Is the Chinese Government Spying on us Through the Internet?

By Carly Learson

photo via

China is our best friend, and soon they could be watching everything we do in a way that best friends really shouldn't. Now the Coalition wants to reverse the restrictions on Chinese company Huawei from bidding to supply equipment to build the NBN. Huawei has grown rapidly in the past ten years to become the largest telecom equipment maker in the world. They have offices in Sydney as well as every other major city. Their growth could be in part because they allegedly stole code from Cisco in 2003, but it's probably also because they're able to roll out broadband quicker and cheaper than anyone else. However, sometimes things are cheap because there's something a bit off about them.

Last week the Coalition announced its broadband policy. The main difference between the Coalition and Labor is that Labor wants to connect fibre to everyone's houses, whereas the Coalition wants to connect fibre to a node – a central spot like an apartment block basement or a cabinet in a suburban street – and then use the old-school copper wire phone network to connect to all the surrounding houses. This makes it slower, but it's much cheaper. As it happens, Huawei is an expert in building this particular type of system.

Chinese companies are different to Western companies. While they may claim to be independent, or in the case of Huawei, a collective, in reality the Chinese Government is always present in some way.  The lack of separation between the public and private sectors allows collaboration that gives them a huge advantage over Western companies. Take mining for example. A Chinese mining company can bid on a concession for a mine in a poor, corrupt country, and as part of the bid they can offer the foreign government things like roads and schools and hospitals, paid for by the Chinese Government. It pretty much guarantees that they'll win the bid. What's more, they can build those roads far cheaper than anyone else using flown-in labourers, and they can mitigate risks in ways western companies can't – any conflict the company has with the foreign Government can be fixed by the very generous Chinese Ambassadors. That leaves more money in the hands of the happily dishonest politicians in those developing countries that are lucky enough to have minerals (eg Zambia and Sierra Leone). Australian companies can't compete with this overseas – they're not allowed to pay bribes, and they can't ask the Australian Government to collaborate on commercial deals. But now it's the Australian Government that is in the sights of such a Chinese company, with the multi-billion dollar NBN contracts.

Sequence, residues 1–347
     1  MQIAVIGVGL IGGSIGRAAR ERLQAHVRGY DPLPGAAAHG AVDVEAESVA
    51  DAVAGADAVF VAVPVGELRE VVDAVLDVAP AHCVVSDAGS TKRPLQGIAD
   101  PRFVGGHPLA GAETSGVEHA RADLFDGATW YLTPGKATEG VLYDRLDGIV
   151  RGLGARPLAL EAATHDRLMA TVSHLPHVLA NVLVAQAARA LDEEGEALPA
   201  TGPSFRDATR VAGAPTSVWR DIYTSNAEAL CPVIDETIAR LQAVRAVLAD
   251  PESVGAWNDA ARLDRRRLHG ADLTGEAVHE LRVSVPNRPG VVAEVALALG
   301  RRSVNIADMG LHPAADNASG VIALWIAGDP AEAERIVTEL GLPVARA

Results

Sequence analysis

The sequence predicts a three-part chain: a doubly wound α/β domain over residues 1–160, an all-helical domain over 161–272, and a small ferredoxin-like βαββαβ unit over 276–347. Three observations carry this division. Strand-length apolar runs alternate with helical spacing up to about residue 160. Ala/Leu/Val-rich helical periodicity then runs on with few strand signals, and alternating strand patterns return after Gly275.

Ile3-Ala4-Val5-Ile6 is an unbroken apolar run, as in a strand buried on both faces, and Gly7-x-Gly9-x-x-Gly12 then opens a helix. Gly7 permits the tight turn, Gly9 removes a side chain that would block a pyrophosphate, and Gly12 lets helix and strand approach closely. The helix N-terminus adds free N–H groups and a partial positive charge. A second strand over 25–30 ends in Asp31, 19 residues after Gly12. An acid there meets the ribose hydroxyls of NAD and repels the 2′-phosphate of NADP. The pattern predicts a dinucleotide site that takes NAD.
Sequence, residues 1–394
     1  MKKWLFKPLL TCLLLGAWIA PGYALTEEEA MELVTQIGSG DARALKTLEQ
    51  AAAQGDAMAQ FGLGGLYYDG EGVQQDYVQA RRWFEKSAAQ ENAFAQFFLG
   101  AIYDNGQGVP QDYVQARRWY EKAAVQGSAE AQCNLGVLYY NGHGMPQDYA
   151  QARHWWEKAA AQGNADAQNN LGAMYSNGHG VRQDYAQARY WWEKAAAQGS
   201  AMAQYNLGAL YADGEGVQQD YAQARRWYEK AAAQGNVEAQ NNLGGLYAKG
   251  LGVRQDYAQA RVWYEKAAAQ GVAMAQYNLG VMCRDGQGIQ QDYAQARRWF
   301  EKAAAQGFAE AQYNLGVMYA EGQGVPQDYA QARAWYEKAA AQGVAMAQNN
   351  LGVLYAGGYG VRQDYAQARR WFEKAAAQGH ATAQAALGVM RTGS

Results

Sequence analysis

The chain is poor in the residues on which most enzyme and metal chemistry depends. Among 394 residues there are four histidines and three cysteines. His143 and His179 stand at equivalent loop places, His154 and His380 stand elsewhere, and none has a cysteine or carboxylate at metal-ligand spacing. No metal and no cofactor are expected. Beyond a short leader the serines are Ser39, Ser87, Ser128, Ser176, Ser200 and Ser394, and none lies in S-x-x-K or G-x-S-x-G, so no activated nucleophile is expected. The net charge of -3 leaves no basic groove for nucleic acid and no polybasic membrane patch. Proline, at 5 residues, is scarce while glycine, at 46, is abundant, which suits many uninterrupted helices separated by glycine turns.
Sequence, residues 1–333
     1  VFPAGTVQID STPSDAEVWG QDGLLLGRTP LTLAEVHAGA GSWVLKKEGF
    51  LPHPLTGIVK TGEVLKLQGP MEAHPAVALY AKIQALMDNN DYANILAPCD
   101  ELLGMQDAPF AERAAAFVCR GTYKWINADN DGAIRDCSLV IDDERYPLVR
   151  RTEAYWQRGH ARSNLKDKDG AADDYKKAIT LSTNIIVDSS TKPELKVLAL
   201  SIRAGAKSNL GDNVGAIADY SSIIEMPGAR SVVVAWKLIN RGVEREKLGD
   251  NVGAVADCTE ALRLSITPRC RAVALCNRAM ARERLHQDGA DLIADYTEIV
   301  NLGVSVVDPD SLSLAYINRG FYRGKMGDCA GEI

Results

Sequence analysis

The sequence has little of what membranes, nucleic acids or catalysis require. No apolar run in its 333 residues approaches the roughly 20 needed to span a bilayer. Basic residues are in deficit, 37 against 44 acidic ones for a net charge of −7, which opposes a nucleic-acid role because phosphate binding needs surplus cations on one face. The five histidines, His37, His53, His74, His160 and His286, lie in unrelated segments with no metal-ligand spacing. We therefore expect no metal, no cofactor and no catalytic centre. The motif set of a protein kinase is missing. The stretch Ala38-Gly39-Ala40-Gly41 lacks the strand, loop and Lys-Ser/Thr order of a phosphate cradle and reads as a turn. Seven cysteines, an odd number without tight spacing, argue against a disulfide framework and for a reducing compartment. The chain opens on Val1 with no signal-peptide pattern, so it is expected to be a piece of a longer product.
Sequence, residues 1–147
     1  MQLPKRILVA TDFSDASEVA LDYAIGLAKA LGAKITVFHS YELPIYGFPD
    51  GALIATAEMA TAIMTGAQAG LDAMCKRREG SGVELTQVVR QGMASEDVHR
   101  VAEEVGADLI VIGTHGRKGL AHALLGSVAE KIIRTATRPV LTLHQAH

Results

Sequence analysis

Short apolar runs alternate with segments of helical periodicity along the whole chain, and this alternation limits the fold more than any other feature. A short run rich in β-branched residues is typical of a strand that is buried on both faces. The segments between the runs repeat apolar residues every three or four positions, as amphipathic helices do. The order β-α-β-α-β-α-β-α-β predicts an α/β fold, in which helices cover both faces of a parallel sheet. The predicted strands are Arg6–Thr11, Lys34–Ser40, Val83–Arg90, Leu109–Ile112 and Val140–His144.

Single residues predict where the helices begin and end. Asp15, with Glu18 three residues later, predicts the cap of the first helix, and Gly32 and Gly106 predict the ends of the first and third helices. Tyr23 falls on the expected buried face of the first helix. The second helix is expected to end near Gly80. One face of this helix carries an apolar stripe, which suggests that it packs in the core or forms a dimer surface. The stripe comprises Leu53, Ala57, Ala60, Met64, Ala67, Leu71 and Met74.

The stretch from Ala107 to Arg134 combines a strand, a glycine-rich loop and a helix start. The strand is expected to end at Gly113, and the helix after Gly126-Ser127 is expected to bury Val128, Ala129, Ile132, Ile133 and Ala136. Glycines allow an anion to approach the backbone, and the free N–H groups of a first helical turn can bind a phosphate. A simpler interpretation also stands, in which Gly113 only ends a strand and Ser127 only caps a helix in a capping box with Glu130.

Labor has excluded Huawei from bidding on construction of the NBN. They haven't said why, but in the US a congress select committee reported the Americans were “afraid of Huawei, in fact we are afraid of every Chinese company, public or private.” The US inquiry was based on fears that Huawei, under the Presidency of a former People's Liberation Army engineer, was passing on information to the Chinese Government and the PLA. Canada has invoked special powers to exclude Huawei from involvement in its broadband network. Huawei was caught spying on the Indian Government. They built Iran's intelligence monitoring system. And Huawei routers have been found to have security vulnerabilities that could let remote users control devices.

Perhaps we don't need to be told why Huawei has been excluded, because it seems pretty obvious. We can get cheaper (slower) internet, but the Chinese Government will know everything about us all. On the other hand, who really cares? We all give away so much data voluntarily that between Apple, Facebook and Google there's little left to find out about any of us anyway. 
 

Follow Carly on Twitter: @carlylearson

More news from the internet:

I'm Starting a Website to End Revenge Porn

Why Did a Student in Montreal Get Arrested for an Instagram Post?

Comments